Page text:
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   This story appeared in The Times on Monday, April 20, 1998.

Relic looters steal the past

By John Gerome
The Chattanooga Times

The first thing that strikes you about this place is how green it is. The ground is covered with vines and grass. Maple, oak and hickory trees form a lush canopy.

Then you notice the dimples. There are dozens of them, like someone peeled the cover off a golf ball and spread it out over the forest floor. Looters dug up and pillaged this Indian burial ground so completely that nature and truckloads of dirt have yet to cover the scars.

When Pam Triplett first saw it back when there was nothing on this spot but barren ground and open pits, she couldn't believe it. It was eerie.

"It really scared me," said Mrs. Triplett, a tiny woman of Cherokee descent with black hair that falls past her shoulders. "I couldn't understand why anyone would want to dig up someone's bones, take the rings off their fingers and sell them for profit."

Moccasin Bend has been raped by generations of looters. Humans have lived here for more than 12,000 years, and its soil is rich with artifacts, many of them buried with the dead. By one estimate, thieves have raided 1,190 Indian graves and carted away countless Civil War artifacts.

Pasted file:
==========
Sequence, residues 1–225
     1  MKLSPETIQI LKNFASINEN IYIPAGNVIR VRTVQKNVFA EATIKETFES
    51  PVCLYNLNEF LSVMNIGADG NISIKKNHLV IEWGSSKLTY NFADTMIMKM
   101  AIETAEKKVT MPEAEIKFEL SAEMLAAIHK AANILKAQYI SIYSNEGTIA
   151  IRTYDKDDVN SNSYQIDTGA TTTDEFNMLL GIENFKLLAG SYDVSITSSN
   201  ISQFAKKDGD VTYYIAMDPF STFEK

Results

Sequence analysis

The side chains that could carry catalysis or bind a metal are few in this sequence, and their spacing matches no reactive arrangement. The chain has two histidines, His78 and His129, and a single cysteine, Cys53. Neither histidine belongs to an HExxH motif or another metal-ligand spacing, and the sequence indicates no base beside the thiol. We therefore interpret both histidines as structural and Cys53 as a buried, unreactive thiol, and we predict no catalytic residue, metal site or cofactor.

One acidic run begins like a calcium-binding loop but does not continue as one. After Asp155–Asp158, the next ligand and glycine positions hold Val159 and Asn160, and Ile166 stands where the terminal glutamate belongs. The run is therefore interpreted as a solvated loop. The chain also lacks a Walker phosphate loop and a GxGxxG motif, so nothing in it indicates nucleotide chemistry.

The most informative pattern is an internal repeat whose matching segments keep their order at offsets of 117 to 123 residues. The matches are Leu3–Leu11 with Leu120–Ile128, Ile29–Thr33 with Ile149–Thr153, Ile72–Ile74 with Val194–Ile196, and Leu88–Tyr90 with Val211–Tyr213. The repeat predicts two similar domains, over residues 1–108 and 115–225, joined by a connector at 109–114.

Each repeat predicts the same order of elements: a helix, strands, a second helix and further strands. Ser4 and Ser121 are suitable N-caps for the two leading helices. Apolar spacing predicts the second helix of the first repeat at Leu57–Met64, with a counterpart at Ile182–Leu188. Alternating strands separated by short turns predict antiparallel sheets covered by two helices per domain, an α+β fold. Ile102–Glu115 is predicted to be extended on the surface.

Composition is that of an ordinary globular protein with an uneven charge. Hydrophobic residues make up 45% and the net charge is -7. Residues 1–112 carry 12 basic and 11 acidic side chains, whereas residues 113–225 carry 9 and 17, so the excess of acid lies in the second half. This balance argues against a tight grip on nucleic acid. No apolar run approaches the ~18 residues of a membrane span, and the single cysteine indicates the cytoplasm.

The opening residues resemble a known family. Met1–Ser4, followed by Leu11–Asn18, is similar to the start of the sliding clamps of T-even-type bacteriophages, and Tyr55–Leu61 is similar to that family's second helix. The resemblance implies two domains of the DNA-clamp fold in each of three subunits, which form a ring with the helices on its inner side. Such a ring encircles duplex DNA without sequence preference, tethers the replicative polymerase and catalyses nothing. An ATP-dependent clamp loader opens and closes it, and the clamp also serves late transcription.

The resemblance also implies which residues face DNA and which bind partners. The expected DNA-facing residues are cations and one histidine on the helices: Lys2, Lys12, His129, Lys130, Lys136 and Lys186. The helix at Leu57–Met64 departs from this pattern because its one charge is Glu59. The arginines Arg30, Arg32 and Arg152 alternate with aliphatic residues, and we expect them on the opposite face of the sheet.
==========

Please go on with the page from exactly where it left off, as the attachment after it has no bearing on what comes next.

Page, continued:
Looting of this kind goes on all over the region, where millions of acres are in the public domain and much of it is culturally and historically significant.

Behind it all is greed. A rare clay pot or stone tool in mint condition can bring $250,000 or more on the black market. The network is sophisticated, with some dealers employing looters the way a company would employ salesmen.

"A lot of it ends up in Japan and Germany," said Quentin Bass, an archaeologist for the National Forest Service in East Tennessee. "In this country alone there is hundreds of millions of dollars in trade."

Eight years ago Bass worked on one of the biggest cases of this kind in the Southeast. It was an international ring that took Indian artifacts from a cave in the Cherokee National Forest and sold them overseas. Nine people were convicted, and several went to prison.